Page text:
Define heavy cruiser for me? If you got a Southern Cross 31, or a Alberg 30, or a Nicholson 31, you could make the crossing to the Virgin Islands in something like that pretty easily.

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post #4 of 11 Old 08-24-2007
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I just checked the 28-2 out and it looks much better set up that the 26 was...or even the 30 for that matter. I would take one out for a sail and see how it does in rough weather if you can. If you know the boat inside and out and all of the major mechanical systems are good i.e thru-hulls, standing rigging, motor, prop shaft, rudder, you should be fine. Be careful near the Barnaget shoals. Check out how the keels are mounted and get a good survey. Hugo Vihlen crossed the Atlanic in April Fool....less than 6 feet long!
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post #5 of 11 Old 08-24-2007
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"full keel boat? They are slower, and don't point as high but they are usually much more comfortable at sea."

Just as a point of reference here, the fact that a boat has a full keel has nothing to do with a boats comfort at sea or seaworthiness. Some of the worst sea boats that I have ever sailed on have had full keels. The big items that affect motion comfort is a product of hull form (buoyancy distribution), weight distribution (both vertically and longituninally), and dampening. Seaworthiness is affected by a huge number of factors but the length of the keel turns out to have no bearing at all.

Personally, I find that many, if not most of the fiberglass hulled full keeled yachts tend to have comparatively high vertical center of gravities and poor dampening resulting in miserable motion in terms of large pitch and roll angles. may of the better newer designs actually significantly lower center of gravities, finer entries, much better dampening characteristics, and better longitudinal weight distributions, resulting in much easier motions on the crew.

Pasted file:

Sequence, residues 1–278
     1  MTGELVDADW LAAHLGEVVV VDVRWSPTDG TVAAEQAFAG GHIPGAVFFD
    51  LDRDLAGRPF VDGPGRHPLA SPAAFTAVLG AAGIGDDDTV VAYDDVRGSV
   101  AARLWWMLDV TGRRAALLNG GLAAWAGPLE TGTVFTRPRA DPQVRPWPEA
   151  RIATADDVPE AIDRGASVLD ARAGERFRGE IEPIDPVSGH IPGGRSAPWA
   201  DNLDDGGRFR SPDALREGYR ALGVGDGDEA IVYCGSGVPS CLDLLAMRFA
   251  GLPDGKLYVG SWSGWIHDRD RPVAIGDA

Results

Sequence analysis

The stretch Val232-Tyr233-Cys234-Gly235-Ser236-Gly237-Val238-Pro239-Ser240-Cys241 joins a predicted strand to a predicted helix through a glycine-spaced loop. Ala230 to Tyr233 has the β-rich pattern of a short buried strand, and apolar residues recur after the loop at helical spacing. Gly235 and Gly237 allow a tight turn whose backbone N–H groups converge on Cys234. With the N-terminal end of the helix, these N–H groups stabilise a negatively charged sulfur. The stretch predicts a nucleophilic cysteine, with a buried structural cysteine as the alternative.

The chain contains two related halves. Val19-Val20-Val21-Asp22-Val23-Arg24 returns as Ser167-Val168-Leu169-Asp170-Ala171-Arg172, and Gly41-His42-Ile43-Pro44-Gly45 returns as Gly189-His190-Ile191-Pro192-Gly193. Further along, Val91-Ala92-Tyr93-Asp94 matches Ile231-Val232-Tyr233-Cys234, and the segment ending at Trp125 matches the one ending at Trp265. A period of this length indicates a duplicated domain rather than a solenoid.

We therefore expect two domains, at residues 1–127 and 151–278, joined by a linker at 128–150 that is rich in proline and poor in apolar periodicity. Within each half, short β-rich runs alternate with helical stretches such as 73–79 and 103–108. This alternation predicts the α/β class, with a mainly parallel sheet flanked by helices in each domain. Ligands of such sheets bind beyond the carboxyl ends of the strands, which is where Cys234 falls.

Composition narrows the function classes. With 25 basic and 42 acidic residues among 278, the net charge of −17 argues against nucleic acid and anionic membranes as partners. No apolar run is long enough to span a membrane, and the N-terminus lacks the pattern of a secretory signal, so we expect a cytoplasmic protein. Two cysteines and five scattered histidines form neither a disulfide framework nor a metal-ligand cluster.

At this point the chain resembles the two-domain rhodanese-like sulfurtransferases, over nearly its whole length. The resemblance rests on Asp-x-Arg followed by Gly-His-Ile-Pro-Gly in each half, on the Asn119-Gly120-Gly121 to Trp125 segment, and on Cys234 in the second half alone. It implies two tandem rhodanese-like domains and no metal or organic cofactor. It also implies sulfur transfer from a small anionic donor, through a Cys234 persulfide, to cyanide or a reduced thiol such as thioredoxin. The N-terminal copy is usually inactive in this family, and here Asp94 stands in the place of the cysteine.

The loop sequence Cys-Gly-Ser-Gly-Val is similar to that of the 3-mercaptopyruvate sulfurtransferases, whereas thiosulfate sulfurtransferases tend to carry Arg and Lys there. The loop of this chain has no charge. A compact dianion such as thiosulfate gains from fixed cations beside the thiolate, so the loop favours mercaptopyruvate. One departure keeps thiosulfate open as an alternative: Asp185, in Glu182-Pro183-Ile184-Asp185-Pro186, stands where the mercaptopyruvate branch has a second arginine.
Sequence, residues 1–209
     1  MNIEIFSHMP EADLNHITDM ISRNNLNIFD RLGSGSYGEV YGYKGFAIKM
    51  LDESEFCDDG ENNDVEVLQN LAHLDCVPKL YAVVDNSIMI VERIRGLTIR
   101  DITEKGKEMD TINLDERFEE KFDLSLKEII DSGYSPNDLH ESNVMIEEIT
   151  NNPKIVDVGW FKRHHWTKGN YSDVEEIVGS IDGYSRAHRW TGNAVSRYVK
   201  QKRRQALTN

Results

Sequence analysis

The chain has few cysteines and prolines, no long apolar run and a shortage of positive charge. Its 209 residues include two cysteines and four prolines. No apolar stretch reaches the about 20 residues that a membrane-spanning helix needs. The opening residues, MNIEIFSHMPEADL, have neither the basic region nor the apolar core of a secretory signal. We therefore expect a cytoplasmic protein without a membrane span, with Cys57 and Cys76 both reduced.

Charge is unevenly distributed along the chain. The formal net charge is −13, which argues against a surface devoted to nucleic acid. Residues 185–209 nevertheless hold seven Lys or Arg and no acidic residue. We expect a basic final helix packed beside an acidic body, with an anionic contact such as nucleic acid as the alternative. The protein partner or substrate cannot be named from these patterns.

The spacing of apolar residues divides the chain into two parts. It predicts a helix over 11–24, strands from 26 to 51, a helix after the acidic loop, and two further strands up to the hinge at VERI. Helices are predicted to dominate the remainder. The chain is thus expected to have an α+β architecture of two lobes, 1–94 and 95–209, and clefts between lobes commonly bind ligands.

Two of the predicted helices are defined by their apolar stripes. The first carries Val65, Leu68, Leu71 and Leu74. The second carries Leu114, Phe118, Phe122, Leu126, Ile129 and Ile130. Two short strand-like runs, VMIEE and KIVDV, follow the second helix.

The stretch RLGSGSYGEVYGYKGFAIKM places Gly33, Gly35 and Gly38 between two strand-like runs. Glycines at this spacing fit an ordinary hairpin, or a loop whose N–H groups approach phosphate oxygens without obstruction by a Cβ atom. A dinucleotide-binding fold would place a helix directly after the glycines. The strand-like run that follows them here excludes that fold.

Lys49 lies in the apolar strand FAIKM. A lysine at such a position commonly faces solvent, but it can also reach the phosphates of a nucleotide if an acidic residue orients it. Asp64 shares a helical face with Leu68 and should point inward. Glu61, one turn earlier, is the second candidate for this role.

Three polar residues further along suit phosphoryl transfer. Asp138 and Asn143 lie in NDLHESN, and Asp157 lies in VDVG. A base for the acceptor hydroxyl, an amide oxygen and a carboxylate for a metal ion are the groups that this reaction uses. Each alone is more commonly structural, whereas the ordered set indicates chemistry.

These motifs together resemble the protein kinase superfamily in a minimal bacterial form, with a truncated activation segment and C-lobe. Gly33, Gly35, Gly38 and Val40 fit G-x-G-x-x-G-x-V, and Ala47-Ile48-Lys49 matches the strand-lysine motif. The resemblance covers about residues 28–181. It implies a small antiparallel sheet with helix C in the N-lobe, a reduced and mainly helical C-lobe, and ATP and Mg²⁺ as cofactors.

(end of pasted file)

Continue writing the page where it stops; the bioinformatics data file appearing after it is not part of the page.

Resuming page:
Respectfully,
Jeff
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post #6 of 11 Old 08-24-2007
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Hey SD, I knew you liked SC's, man would i love a 39 someday I just launched my boat 2 weeks ago. There are no leaks and the motor is running well but i still haven't mounted the traveller...probably on Sunday. Then i finally get to go sailing Yeah!!!! I'm near Kingman Yacht center in Cataumet..are you in that area?
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Jeff, any canoe shaped hull with a flat entry and a fin keel will pound much more heavily than a full keel. The hull shape on a full keel is more of a wedge shape so when it enters the water it is not slamming down onto a flat hull. Poorly designed full keel boats will roll more heavily but if they are balasted properly they are no worse than a fin keeler. In short steep waves, heading into the wind, my SC is much more comfortable than any fin keeler!